Phantom Thread, directed by Paul Thomas Anderson (Boogie Nights), is set in 1950’s London, where Reynolds Woodcock, a celebrated dressmaker has his fussy life disordered by a stubborn woman named Alma, who becomes a lover that he mulls over. This is very much a foreign film that was unsuccessful in its failed approach to innovative cinematography. We see camera angles in tight spaces shot by P.T. Anderson himself, who shot on location in London. Anderson’s direction of photography looked like it would fit perfectly on television as opposed to the silver-screen. A series of eccentrically angled shots were used throughout the picture, with viewpoints behind the rails of stair cases and eaves-dropping perspectives of voyeurism. P.T. Anderson’s use of extreme-close-ups was an obvious technical preference throughout his picture with coffee pots boiling, tea kettles steaming, breakfast confections being devoured, and pins penetrating textiles for dressmaking. The camera was intentionally wobbly and trembled, calling attention to itself in the wrong way. P.T. Anderson’s cinematography was questionable, more notably since it went uncredited in the end titles.
Phantom Thread is excellent for its originality and eccentricity, but, dull for its entertainment; unless you think you’ll think you’ll be amused by a story about a spoiled and sensitive dressmaker who fusses and pouts with contained madness when there’s too much noise being made at the breakfast table. That’s Reynolds Woodcock, a character performed by none-other-than six-time Oscar nominee and three-time Best Actor award winning method-thespian, Daniel Day Lewis (Last of the Mohicans). Woodcockisa strange and troubled man with a longing love for his deceased mother.He’s unmarried because “Marriage would make him deceitful.” We can imagine that his backstory is that of a child who became a man that was always spoiled by his mother and lived in the land of women. Due to his profession, as we see throughout the film, where Alma, his lover, comments that he’s “handsome” and that he “must be surrounded by women all day.”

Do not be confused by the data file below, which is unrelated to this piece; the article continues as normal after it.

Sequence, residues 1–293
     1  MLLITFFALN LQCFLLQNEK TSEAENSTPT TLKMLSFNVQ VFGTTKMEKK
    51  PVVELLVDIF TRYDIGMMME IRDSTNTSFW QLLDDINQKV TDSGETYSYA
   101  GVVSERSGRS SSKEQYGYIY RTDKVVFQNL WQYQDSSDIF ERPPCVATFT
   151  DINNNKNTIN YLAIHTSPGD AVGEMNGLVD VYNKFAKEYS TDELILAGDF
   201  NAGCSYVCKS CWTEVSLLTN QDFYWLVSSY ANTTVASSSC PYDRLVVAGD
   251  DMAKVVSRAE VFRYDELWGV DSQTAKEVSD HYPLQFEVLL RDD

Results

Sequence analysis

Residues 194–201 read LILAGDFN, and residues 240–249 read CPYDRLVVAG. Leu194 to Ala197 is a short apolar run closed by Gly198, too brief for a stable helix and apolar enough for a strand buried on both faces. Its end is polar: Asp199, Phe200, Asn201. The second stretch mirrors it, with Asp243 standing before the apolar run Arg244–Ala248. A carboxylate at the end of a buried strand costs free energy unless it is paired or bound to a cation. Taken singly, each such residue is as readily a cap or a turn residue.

Reynolds has a pestering demeanor toward women that’s easily disregarded because of his punitive physique. He has a healthy appetite in consuming a lot of scrumptious food throughout the entire picture, yet, we marvel at where all this food goes, considering his undernourished figure. Given that Daniel Day Lewis is a full-blown method-thespian, it would behoove one to believe that he devoured all that food throughout his actual performance, but, one imagines otherwise. The character of Woodcock gets no exercise except for his afternoon walks and, considering his middle-age, one would suppose that his metabolism would be low, and all that indulgence in food would result in him gaining weight; especially when his job is to use only his brain for sketching dresses, and his hands for making them.
Without providing spoilers, the awareness of differences in mushrooms is a major topic of the story. Alma is given instruction and tutelage as to which mushrooms are edible and poisonous. One wishes P.T. Anderson had magic mushrooms in the mix, as opposed to merely poisonous ones. It would have made for a more bizarre film and much enhanced character arc of self-realization in Reynolds Woodcock’s madness. Though, Woodcock succeeds in doing that, in a wacky ending, admitting to Alma and the audience that he’s finally aware he’s gone mad, and, from time to time, it would benefit him to be bedridden, for, perhaps, he’ll recuperate and live life with more dignity and grace. Still, we wish those were magic mushrooms being sautéed in extreme-close-ups; it would have made a more entertaining film.